By 2002, Jones had collected a few hundred pieces. At that point, he had to make a decision. “I had to become more disciplined about my collecting, with a more defined purpose, or stop, because I had far too many works to hang in my home.” After pondering this matter for a year, he decided to establish the Witness Collection, a platform to tell the country’s historical narrative through the eyes of artists who lived through it. Jones explains, “Vietnam’s history is documented by a lot of other people besides the Vietnamese—Hollywood has its version, the Western media have a version, while the socialist countries also have a version. Because film, TV and photography were very limited in Vietnam in the 20th century, the Vietnamese told their story through art and literature.”
For more than a decade, Jones and his team in Ho Chi Minh City have methodically tracked down artists and artworks to piece together this story. “Thirteen years ago there were few phones and no internet. I would send out a fleet of people on motorbikes, systematically trying to find these artists.” Sometimes the search took up to two weeks. In the end, he managed to hunt down over 500 artists from a list he had personally compiled of official army artists. Another list was then created by asking those artists whom they considered the most influential artist in Vietnam from each generation. From there, Jones’ research team conducted hundreds of hours of interviews about their practice, their art and where their works might be. Sometimes the art was still in their possession, other times sold, but more often it had been burned or destroyed, especially after the fall of Saigon. With these notes, his team of young Vietnamese researchers, led by the late art historian Boitran Huynh-Beattie, would transcribe the interviews. In the process of weaving together these complex histories, they used part of the testimony to help track down and acquire works—if they survived.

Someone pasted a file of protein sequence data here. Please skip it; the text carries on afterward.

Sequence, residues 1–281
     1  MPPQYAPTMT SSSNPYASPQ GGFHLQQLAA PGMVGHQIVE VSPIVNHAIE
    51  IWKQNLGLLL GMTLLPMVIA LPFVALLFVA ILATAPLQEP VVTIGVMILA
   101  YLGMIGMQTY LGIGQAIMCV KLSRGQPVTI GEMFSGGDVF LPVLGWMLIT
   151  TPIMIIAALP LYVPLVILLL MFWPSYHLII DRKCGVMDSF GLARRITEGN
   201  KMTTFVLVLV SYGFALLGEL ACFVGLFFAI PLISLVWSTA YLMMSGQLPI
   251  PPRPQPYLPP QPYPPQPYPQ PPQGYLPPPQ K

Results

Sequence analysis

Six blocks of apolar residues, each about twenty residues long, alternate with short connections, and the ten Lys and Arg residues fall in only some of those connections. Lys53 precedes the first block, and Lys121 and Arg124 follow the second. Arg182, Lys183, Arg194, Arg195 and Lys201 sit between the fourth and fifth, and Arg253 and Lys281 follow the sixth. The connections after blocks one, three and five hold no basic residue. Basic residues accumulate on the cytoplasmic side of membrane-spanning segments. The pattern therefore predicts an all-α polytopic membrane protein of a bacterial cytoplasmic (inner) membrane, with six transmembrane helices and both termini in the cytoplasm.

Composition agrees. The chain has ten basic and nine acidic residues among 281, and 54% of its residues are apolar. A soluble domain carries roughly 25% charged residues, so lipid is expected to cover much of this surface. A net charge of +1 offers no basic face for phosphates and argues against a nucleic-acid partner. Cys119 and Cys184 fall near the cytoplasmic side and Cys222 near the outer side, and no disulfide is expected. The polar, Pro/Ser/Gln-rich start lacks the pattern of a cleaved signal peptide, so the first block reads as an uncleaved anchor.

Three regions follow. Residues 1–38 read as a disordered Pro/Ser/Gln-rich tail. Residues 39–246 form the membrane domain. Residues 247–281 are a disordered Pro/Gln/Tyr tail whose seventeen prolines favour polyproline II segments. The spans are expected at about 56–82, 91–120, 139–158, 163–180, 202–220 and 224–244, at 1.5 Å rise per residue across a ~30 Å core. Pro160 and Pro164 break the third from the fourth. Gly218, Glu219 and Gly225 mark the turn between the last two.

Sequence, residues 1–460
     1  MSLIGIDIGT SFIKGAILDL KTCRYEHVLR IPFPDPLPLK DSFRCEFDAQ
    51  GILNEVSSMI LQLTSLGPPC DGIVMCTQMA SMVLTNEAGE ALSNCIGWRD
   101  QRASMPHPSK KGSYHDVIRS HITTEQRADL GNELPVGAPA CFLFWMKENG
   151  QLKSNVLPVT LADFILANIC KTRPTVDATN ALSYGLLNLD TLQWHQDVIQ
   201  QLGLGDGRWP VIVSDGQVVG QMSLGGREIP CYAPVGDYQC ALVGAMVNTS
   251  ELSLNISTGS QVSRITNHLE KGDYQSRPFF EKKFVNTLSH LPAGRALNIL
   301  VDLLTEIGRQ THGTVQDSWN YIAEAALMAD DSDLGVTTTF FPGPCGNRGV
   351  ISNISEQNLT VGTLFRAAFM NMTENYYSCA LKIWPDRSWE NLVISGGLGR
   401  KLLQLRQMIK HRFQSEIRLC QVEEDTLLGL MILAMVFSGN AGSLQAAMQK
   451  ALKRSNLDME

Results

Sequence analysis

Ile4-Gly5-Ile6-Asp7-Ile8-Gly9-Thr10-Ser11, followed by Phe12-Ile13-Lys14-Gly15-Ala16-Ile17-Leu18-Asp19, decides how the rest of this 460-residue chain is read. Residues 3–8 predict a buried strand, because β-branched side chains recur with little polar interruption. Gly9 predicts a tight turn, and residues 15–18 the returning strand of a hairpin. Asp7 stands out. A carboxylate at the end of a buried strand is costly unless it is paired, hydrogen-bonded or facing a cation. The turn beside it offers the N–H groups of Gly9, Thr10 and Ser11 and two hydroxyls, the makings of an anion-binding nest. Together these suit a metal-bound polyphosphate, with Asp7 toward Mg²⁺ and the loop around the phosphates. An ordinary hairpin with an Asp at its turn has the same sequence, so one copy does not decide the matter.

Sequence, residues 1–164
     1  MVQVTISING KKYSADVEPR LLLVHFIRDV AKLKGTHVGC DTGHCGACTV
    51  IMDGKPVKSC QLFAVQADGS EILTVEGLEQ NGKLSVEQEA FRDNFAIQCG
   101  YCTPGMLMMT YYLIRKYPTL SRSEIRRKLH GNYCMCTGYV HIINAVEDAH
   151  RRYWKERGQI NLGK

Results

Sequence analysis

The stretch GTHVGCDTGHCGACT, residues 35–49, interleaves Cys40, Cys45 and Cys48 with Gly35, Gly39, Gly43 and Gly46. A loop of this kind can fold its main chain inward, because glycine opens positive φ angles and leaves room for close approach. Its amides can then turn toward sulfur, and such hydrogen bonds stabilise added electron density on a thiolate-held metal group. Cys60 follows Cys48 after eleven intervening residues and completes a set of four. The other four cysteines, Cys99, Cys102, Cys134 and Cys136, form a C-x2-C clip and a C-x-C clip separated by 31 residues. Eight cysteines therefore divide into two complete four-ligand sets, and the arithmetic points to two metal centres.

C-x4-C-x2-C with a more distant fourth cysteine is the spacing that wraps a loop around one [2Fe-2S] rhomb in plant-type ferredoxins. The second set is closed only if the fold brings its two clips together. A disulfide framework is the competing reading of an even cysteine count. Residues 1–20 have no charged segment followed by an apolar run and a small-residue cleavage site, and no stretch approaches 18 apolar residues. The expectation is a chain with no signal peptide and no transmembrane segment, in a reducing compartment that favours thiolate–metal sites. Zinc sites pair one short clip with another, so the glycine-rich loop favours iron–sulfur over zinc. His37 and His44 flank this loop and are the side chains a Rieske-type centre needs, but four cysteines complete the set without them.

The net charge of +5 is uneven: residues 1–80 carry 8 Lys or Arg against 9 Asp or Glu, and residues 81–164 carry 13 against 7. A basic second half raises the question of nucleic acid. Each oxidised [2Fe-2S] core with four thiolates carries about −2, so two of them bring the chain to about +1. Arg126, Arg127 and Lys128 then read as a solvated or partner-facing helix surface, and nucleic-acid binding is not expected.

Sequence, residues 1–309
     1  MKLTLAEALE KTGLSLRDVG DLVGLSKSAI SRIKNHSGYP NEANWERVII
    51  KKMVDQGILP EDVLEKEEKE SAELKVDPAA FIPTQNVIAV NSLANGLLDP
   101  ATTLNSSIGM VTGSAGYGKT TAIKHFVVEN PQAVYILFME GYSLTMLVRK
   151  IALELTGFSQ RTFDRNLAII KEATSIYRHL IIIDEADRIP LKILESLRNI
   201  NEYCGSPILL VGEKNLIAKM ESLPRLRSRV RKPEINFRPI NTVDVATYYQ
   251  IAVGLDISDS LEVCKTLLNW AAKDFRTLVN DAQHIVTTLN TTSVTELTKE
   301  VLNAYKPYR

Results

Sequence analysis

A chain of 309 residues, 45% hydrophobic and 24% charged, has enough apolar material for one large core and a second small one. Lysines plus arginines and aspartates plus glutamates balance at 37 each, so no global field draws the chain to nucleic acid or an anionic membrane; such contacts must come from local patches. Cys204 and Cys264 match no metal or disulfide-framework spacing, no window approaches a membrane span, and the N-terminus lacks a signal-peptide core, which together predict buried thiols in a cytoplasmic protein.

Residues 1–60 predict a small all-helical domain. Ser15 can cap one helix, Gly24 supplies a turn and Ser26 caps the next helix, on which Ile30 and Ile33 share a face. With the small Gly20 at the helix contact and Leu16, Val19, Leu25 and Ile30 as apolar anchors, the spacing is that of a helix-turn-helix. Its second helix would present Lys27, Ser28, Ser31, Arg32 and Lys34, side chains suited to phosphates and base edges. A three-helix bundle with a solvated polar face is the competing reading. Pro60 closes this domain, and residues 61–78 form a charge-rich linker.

Jones’ team examines all the acquisitions. The works—primarily paintings and drawings—undergo an initial examination of their condition, and if restoration work is needed, it is performed under the aegis of chief restorer Bettina Ebert, a graduate of Northumbria University’s conservation program. “If we were to publish images of dirty, untreated works,” Jones explains, “it wouldn’t give a fair representation of Vietnam’s artists. We are playing a role in documenting the art history of Vietnam.”
Jones’ engineering background, with its emphasis on creating methodologies and analyzing data, has served the collection well. The 2,000-plus works—tracked down in Vietnam, as well as in Thailand, Singapore, Hong Kong, Taiwan, Japan, France, Italy, Australia and the United States—are divided into three periods: the “Colonial and Anticolonial Period” (1925–45), “Divided Country and Reunification” (1945–75 and 1975–86) and “Globalization, or Post Do Moi” (1986 onward). While he has single-handedly funded the entire operation, Jones generously credits the efforts of other players in Vietnam, from gallerists to professors at the Ho Chi Minh Fine Art Institute.
Unlike other collectors in the region, Jones explains that he is not interested in creating a private museum: “I don’t have the resources to run a museum alongside the conservation facility I am funding.” Books as well as touring museum exhibitions of the Witness Collection are currently in the works. But more than assembling and protecting his own collection, Jones’ ultimate aim is to create the documentary he started three decades ago. This time, however, it will be in the shape of an archive, and, unlike his original vision, and those of many others before him, it will express the real voices and perspectives of the artists who endured the tribulations of 20th‑century Vietnam.
This article was originally published on ArtAsiaPacific on May/June 2014. This article cannot be edited nor shared to third parties without permission from ArtAsiaPacific.
The original article can be found here.